Anchoring the whole thing is Jackman’s Logan, AKA Wolverine. The longest-serving member of the X-Men acting company, Jackman is back for his seventh (sixth including his First Class cameo) appearance in the hair and the claws, and reflects that Logan is a very different man from the troubled loner we met back in 2000. “You get the feeling that he's come to terms with who he is - I'm a warrior, I'm Wolverine and that's who I am, for better or worse, it's not all going to be pretty, but here we go,” Jackman says. But his latest mission could prove even tougher. “He's sent back to try and fix things and, as he says, ‘I'm the last person in the world for this. If you want someone to go back to take someone's head off, fantastic, but he's really got to go back and almost act in parts as inspiration, as mentor, as guide, because he can't do it all on his own, which is always his preferred method, but he can't here because of the nature of the story. So he has to become, not necessarily a leader, because I'd still call Xavier the leader here, but a facilitator for everyone to come together.” Getting into the lean, mean fighting machine shape for Jackman was easier this time, as he simply stayed in training following 2013’s The Wolverine. “I had a good amount of time to prepare, so I built slowly, I hit The Wolverine and this movie without any injuries, which is was the first time - every time I've played Wolverine before I've carried some kind of injury because I've had to race to get ready. I did it slowly and I felt great throughout. I felt tired, obviously, and it is harder, I'll admit that, but I felt really good. Physically for me, I feel better now probably than I did in the earlier films.”
He’ll need to be ready, as this time the X-Men are facing their toughest challenge yet. Game Of Thrones fan favourite Peter Dinklage was hired to play a very different version of Bolivar Trask, a genius who views mutants as a mortal threat to mankind and decides to create the menacing, technologically advanced Sentinel robots to fight them. Singer chose Dinklage for several reasons. “I was very familiar with him and I'm a fan of his. He first and foremost, carries the screen, and there's not a second that you take him for granted.” Kinberg admits that Trask’s creations were another big driving force behind the choice of storyline. “Once we all committed to Days Of Future Past, we knew the Sentinels would be a part of it, and Trask would be central to the story,” he says. “Bryan has done a lot of things to make the Sentinels feel loyal to the books but also distinct from all the things that are ripped off the Sentinels, like all the other robot movies that have come in the last 15 years or so, so they look and feel different. And Bryan spent a lot of time working on them to make them feel period specific but also cool and what a kid would fantasize about.”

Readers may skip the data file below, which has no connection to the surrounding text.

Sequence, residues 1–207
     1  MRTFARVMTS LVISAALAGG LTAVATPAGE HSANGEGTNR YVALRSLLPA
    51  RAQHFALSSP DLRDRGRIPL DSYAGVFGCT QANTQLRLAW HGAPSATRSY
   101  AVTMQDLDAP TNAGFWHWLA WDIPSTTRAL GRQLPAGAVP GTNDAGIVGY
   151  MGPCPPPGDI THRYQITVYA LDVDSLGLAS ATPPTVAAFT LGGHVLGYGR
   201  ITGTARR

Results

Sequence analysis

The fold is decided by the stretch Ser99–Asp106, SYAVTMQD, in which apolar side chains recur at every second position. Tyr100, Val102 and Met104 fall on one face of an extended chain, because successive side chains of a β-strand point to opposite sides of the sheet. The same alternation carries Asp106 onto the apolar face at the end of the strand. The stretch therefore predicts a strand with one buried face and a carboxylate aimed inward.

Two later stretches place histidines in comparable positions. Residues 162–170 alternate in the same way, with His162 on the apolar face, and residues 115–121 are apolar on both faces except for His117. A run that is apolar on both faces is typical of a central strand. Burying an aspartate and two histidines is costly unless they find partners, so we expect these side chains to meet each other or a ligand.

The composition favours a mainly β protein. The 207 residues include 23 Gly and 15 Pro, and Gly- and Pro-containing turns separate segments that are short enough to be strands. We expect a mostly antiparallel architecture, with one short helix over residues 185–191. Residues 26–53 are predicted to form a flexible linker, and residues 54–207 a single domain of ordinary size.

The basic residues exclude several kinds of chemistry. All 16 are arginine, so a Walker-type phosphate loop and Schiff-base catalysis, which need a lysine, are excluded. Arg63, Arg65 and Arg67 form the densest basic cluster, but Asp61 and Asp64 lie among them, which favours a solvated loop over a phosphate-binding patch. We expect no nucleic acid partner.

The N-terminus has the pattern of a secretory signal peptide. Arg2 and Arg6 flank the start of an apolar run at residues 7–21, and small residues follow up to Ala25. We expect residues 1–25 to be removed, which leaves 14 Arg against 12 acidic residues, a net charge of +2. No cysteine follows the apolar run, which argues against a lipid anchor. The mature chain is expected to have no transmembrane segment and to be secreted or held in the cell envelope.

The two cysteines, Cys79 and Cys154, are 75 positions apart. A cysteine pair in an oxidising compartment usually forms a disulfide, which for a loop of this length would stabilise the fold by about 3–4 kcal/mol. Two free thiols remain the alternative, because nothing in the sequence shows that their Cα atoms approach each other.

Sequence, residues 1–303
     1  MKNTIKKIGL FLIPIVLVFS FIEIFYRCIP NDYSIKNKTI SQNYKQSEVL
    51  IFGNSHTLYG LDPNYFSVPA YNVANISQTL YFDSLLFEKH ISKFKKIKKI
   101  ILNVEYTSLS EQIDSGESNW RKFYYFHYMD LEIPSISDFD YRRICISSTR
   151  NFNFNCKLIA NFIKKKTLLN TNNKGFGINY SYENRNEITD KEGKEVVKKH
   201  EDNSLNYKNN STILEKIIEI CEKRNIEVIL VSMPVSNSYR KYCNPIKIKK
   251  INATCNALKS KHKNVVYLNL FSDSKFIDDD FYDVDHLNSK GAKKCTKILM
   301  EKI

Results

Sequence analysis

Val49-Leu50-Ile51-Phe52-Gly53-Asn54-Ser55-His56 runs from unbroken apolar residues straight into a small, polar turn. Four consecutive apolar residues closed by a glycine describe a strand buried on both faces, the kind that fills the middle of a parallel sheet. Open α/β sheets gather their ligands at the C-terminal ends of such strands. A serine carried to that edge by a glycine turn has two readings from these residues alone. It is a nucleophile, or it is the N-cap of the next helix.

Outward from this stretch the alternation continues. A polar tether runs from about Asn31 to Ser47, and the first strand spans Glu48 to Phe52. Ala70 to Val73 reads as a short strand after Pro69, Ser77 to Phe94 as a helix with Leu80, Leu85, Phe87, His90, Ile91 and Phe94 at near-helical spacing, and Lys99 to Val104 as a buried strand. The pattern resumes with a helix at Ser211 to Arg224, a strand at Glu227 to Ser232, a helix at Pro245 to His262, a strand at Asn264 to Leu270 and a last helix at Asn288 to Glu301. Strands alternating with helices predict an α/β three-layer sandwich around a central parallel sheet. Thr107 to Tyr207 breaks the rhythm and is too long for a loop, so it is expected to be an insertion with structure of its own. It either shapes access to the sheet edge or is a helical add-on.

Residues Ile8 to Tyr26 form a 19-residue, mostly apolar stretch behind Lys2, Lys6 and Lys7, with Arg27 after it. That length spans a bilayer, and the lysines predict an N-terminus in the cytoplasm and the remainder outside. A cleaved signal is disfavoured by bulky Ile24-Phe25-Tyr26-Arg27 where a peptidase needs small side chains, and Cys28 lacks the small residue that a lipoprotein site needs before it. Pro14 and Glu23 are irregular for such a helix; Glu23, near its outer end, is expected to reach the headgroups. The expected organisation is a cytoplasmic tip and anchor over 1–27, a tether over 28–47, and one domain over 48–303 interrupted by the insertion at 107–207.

In the film, the ‘70s Sentinels are the epitome of technology at the time, though obviously they seem dated now. The future robots, however, are complex fighting machines, able to adapt to mutants’ powers. “I really wanted to embrace the 70's,” says John Myhre about the first generation, one of which was physically built by Legacy Effects. “I love that 70's style of design of moulded plastics and white plastics and smoked plastics and looked at a lot of car design and futuristic concepts from the 70's on a high end but also stereos. So I was the idiot going in there saying, ‘this is what the Sentinels look like!’ It was the very first thing we started designing for the 70's sentinels and the future sentinels. Bryan was immediately very excited for our concept of the future. The 70's was a bit more complicated in that you really want to be faithful for the fans in the books so there a lot of elements that needed to be a humanoid shape to have a head arms and needed to be purple. There were a lot of things we had to do to give them a different look.” So fans of the comic book will see some elements they recognise, even though the film’s take on the robots is unique.
There’s no denying that Days Of Future Past is the biggest X-Men film ever attempted, and indeed the biggest Fox has made since Avatar. Singer, though, points out that it should be enjoyable to those who have read the comics and watched the movies and people who don’t know their Mystique from their Sunspot. “In the beginning we kind of recap everything,” he says. “There are things, images we see that help people. It still is tied into the universe so it's nice if you've got some familiarity but you don't really need to know, you can be really entertained by the movie if you haven't seen an X-Men film.”